Wilmerding seeks National Guard's assistance to repair Ice Plant Hill Road
Wilmerding officials may be able to enlist the assistance of the Pennsylvania National Guard to fix Ice Plant Hill Road.
A landslide occurred there, across from the Wilmerding YMCA, on Jan. 15.
It forced closure of the road at the Wilmerding/North Versailles Township line, affecting YMCA patrons as well as motorists traveling from East McKeesport into Wilmerding. Motorists can reach the Y from East McKeesport, where Morrelle Avenue leads into Ice Plant Hill Road, but cannot access adjacent Westinghouse Avenue in Wilmerding.
Wilmerding council president Stephen Shurgot said on Friday the borough sought assistance from local legislators, and received a response from U.S. Rep. Mike Doyle, D-Forest Hills.
“Doyle reached out to us and sent us the application for the project that we used 17 years ago for the National Guard to come out,” Shurgot said. “We submitted that. It's been accepted, but they won't proceed with it until we get this soil analysis. We reached out to (Allegheny) County again to see if they'll help us with this soil sample study. We have a bid of a little under $16,000 to do that, so we're looking for people to partner with us, and we're waiting on a response.”
Ice Plant Hill Road and Westinghouse Avenue have been lined with Jersey barriers to hold back falling rocks and dirt since the National Guard was called in during the 1990s by Doyle.
Doyle's spokesman Matt Dinkel confirmed on Friday that Wilmerding's application was submitted to the National Guard for its Innovative Readiness Training program.
“They basically use training exercises to help communities with their infrastructure needs,” Dinkel said. “Since they have to train in doing some of this work anyway, they make it something that's useful to some community in Pennsylvania ... We're waiting to get a copy of their application. Once we have it, we'll write a letter of support for the project. If it all works out and the project is selected, then the National Guard would do the work in 2016. That's the cycle they're in now. In the meantime, studies have to be done first.”
East Allegheny School District rejected a proposal to pay the lion's share of costs for the study of the unstable hillside.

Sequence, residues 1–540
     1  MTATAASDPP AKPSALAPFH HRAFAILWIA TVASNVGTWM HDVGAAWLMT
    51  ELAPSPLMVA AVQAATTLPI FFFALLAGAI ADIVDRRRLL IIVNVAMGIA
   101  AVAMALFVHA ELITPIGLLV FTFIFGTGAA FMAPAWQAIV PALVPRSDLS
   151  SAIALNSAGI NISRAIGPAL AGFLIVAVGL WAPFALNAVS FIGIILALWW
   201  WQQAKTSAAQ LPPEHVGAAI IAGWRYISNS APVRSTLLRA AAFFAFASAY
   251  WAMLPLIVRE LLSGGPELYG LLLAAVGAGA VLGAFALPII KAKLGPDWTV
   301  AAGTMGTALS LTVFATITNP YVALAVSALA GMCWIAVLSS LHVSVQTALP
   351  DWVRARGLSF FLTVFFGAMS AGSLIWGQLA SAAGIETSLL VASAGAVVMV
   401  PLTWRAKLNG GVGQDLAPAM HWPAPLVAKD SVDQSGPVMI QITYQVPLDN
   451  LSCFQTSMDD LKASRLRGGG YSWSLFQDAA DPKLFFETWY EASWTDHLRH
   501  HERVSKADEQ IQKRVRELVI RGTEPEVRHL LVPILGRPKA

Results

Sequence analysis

Allegheny County public works director Steven W. Johnson wrote a letter earlier this year stating the three taxing bodies that jointly own the land that is the focus of the study should sign an agreement to share the costs based on taxes. That would mean East Allegheny would pay 68 percent, or roughly $10,400, Wilmerding would pay 20 percent, or around $3,000, and the county 12 percent, or a little less than $2,000.
District officials said in April that there were not enough funds available for the effort.
Shurgot said something needs to be done quickly because emergency vehicles are having a hard time responding to calls, and referenced a medical call at the YMCA on June 1.
Shurgot is executive director of Eastern Area Prehospital Services, the Turtle Creek-based ambulance company that serves his borough and other municipalities.
“It took us about four minutes longer than usual to get there because there was no direct access,” Shurgot said. “Our worst fear was realized (that) day. Ice Plant Hill's closed, Greensburg Pike's bridge is closed and a tree blocked Fifth Avenue (on June 1.) We had to come all the way into town through West Wilmerding, come up by Wal-Mart and make a big circle. The fire department had a fire call and had to do the same thing ... Everything was OK, thankfully.”
Michael DiVittorio is a staff writer for Trib Total Media. He can be reached at 412-664-9161, ext. 1965, or email@example.com.
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